Almost 90 per cent of food items in the Gulf Cooperation Council are imported from abroad, according to a new study.
The Food Gap in the GCC report by researcher Faisal Al-Otaibi of Naif Arab University for Security Sciences recommended greater integration between Gulf Arab states to reach self-sufficiency and boost agriculture, according to Arab News.
A food gap, representing the difference between domestic production and consumer needs, as well as net imports of various food commodities, is said to exist across the Gulf region.
Increased demand and lower production rates mean the GCC is relying increasingly on foreign markets for food security, the study found.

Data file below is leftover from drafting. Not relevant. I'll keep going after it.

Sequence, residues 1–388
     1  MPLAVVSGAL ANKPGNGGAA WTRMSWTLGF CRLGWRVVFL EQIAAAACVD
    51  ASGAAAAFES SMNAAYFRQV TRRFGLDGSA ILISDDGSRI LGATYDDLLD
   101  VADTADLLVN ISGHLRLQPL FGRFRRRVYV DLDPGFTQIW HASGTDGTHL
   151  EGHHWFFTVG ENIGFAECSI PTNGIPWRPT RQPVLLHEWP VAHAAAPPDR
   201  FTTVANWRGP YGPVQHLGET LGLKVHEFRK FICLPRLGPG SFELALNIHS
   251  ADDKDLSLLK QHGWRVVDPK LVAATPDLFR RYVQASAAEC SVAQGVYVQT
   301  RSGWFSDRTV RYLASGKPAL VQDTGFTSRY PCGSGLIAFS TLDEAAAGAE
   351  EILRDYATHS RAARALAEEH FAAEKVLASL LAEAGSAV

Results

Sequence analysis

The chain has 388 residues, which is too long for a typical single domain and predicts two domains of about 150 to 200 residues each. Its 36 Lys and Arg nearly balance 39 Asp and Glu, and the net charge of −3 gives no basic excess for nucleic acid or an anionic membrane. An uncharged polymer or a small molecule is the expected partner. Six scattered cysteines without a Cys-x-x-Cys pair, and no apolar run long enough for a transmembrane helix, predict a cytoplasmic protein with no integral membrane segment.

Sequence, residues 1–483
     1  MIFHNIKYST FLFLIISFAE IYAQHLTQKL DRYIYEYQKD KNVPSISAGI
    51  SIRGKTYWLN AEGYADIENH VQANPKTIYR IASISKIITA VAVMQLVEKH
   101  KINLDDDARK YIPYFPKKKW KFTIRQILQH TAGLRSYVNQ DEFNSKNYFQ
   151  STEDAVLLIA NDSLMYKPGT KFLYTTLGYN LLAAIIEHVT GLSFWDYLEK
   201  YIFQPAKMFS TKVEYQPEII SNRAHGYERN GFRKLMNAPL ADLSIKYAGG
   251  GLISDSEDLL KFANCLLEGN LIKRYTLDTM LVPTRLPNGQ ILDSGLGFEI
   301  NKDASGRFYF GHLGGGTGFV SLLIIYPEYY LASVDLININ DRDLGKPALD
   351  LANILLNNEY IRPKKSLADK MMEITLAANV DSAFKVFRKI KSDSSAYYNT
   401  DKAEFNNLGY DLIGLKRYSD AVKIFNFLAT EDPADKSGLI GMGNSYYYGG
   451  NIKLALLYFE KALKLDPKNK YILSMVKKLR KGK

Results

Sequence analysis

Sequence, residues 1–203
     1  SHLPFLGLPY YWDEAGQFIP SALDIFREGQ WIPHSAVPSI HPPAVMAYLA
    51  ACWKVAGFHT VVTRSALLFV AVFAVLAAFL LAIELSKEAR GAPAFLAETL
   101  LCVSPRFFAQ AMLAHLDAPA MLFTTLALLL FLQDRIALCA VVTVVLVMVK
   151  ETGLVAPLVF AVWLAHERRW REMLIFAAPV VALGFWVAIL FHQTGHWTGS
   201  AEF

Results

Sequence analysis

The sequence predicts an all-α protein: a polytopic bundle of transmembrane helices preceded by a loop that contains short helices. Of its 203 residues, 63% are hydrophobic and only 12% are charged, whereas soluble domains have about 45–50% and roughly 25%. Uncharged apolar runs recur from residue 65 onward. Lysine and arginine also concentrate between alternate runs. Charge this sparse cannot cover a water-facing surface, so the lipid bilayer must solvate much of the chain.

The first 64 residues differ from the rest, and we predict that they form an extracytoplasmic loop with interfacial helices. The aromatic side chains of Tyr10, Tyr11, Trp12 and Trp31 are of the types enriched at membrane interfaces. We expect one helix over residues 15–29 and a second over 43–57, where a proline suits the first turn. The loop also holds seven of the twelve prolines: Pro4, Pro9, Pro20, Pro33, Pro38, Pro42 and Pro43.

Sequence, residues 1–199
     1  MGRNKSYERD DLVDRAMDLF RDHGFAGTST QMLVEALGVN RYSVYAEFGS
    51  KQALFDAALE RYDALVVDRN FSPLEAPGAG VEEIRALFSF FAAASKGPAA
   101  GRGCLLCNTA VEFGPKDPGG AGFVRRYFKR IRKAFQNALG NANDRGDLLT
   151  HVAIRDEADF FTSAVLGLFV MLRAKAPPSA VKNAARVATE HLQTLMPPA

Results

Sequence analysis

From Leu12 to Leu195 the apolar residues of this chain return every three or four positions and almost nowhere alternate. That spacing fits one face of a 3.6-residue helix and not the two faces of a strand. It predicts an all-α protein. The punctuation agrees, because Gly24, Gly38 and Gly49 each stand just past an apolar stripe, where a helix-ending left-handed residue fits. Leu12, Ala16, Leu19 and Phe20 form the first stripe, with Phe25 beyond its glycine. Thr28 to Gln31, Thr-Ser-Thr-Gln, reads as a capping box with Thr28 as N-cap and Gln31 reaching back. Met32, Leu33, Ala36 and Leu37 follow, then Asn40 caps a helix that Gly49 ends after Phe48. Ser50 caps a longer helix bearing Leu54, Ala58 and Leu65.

Saudi Arabia led the region for food scarcity with a gap of 20.94 per cent, followed by the UAE with 14.42 per cent, Kuwait with 3.59 per cent, Qatar with 3.25 per cent, Oman with 3.25 per cent and Bahrain with 1.6 per cent, according to the Arab Organisation for Agricultural Development.
The region is also lacking in strategic crop production, with Saudi Arabia the only country to produce wheat.
However, the kingdom is scaling back production due to water scarcity.